Click to read: Durrell discover unique DNA

Durrell discover unique DNA

Scientists working for the Durrell Wildlife Conservation Trust in Jersey have used DNA sequencing to prove that the pygmy hog of Assam in India, a species so rare it was once believed extinct, belongs to a unique evolutionary line.

A team of conservation geneticists from Jersey (Channel Islands), Hyderabad, (India) and Oxford (UK) have analysed mitochondrial DNA in blood samples taken from the founders of Durrell’s captive breeding programme in Assam, and from the original specimen collected by Victorian scientist Hodgson at the British Museum.

The pig’s current Latin name is Sus salvinius which reflects the widespread belief that it is closely related to the domestic pig and other members of the Sus family which also includes wild boar.

In their paper, published in the journal Molecular Phylogenetics and Evolution, the authors found that Victorian taxonomist Hodgson was correct in his original suspicion that the pygmy hog is indeed a unique genus and the scientific name he gave it, Porcula salvania, should be reinstated.

Dr John Fa, Scientific Director for the Durrell Wildlife Conservation Trust and one of the paper’s co-authors, said: “This is a very significant find and one which will definitely upgrade the importance of this pig for conservation.”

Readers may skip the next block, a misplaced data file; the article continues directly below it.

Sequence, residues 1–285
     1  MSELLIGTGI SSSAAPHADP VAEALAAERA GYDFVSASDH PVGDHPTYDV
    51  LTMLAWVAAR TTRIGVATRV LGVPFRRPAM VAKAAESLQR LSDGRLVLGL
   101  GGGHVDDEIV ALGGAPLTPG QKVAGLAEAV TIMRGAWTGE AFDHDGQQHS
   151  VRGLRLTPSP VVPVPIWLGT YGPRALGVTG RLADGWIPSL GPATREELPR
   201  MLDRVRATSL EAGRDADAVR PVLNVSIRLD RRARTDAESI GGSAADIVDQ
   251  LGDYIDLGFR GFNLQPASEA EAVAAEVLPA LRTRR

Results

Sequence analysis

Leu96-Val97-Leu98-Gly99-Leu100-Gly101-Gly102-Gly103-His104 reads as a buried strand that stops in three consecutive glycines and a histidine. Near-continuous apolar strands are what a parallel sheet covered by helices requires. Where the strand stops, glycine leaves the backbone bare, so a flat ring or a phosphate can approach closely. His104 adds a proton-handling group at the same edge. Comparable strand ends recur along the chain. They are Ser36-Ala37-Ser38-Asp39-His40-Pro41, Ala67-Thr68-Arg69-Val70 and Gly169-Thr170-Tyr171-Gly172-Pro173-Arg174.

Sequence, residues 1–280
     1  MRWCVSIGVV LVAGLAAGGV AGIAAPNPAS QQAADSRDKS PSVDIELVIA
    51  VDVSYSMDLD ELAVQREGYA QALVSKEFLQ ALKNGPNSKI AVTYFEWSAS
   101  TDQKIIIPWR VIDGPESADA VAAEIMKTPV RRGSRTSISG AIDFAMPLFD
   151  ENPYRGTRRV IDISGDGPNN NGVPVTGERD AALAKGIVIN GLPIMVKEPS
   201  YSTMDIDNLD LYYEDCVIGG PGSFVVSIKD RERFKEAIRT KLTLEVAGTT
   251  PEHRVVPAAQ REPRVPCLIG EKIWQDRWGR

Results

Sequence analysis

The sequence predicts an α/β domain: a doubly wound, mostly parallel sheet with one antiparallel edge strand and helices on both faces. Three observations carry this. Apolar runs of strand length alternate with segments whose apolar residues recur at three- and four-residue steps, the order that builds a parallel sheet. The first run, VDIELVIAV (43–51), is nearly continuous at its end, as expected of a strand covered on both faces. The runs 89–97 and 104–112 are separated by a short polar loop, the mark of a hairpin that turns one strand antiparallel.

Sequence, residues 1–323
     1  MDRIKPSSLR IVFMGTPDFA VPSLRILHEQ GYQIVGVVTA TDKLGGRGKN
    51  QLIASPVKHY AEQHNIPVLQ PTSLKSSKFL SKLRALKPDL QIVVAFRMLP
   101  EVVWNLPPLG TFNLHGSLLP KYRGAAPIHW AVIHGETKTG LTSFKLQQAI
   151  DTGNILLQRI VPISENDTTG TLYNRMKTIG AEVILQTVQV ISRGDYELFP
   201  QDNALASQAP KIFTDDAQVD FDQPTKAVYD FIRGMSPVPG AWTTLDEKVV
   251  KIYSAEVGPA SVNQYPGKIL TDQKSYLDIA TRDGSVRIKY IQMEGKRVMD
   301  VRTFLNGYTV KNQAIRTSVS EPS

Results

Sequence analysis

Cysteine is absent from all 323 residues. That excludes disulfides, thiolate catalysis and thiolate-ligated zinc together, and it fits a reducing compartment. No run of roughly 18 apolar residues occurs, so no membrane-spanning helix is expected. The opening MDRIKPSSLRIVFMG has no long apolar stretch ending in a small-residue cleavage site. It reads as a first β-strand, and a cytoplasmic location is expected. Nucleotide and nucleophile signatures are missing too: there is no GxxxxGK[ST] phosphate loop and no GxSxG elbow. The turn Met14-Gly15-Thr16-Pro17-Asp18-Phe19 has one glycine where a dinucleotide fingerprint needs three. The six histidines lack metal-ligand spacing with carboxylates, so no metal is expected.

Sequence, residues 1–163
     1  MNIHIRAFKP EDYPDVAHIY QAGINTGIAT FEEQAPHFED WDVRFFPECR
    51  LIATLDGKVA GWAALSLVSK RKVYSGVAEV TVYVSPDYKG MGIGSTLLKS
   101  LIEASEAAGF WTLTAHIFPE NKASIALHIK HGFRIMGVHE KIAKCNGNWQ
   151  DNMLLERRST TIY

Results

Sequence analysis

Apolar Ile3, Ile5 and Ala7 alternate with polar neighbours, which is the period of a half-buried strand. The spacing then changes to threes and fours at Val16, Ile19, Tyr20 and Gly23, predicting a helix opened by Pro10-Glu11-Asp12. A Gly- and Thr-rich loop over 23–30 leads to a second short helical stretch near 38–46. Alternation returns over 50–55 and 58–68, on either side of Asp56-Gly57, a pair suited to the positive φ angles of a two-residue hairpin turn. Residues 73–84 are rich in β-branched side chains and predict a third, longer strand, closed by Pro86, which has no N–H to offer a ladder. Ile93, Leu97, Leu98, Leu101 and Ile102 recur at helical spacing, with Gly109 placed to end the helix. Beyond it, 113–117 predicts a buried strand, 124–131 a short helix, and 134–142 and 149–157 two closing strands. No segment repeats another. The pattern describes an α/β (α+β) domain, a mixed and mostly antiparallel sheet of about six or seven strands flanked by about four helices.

Dr. Stephan Funk, Durrell’s genetics expert and senior conservation biologist, who led the research, argued that: “By sequencing the pygmy hog’s DNA for the very first time we have been able to prove that the Victorians got it right and that the species represents a completely new branch of the evolutionary tree.”

Durrell is working in the India on the conservation of the pygmy hog, in conjunction with the Assamese Forest Department and other agencies. Numbers are thought to be very low and restricted to just one national park in India.

The Durrell Wildlife Conservation Trust is committed to preventing the species from becoming extinct and has also been breeding the animals in captivity since 1995.

The scheme has been so successful that the Trust’s breeding centre in India is now full to capacity with 70 of the animals. This year plans are being put in place to release some of these animals back into the wild for the very first time.

Posted 10 September 2007

 
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